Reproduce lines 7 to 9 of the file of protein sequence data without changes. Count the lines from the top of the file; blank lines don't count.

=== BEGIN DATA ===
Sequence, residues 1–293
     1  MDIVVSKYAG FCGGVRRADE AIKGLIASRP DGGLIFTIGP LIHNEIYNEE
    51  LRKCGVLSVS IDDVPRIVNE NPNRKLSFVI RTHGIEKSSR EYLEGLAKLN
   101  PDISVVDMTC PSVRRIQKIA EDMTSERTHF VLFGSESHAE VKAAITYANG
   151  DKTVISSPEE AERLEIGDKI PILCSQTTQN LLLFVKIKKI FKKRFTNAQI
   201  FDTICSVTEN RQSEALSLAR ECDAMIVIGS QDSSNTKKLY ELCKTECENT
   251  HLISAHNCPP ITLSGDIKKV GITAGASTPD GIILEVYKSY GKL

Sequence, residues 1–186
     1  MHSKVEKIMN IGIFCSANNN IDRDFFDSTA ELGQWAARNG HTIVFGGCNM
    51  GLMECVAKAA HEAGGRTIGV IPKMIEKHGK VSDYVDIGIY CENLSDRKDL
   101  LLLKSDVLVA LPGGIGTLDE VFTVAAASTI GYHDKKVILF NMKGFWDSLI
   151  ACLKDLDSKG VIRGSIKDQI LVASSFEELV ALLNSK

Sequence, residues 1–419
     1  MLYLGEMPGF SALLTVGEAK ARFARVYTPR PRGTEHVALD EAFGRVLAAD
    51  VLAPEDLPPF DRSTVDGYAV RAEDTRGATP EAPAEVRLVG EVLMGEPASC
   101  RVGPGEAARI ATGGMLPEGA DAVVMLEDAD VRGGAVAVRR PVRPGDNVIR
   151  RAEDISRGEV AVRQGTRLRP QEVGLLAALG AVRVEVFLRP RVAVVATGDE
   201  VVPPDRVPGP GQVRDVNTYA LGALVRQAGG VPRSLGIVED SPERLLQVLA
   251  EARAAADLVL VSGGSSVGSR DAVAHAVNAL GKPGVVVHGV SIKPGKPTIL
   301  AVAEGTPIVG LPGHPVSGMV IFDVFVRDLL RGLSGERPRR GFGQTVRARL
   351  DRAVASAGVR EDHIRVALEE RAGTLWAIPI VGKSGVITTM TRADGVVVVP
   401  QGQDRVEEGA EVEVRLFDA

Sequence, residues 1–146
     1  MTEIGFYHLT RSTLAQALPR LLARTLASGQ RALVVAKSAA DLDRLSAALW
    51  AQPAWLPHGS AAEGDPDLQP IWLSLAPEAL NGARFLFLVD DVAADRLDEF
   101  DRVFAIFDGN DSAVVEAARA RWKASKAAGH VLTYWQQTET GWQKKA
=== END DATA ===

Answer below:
   251  HLISAHNCPP ITLSGDIKKV GITAGASTPD GIILEVYKSY GKL

Sequence, residues 1–186
     1  MHSKVEKIMN IGIFCSANNN IDRDFFDSTA ELGQWAARNG HTIVFGGCNM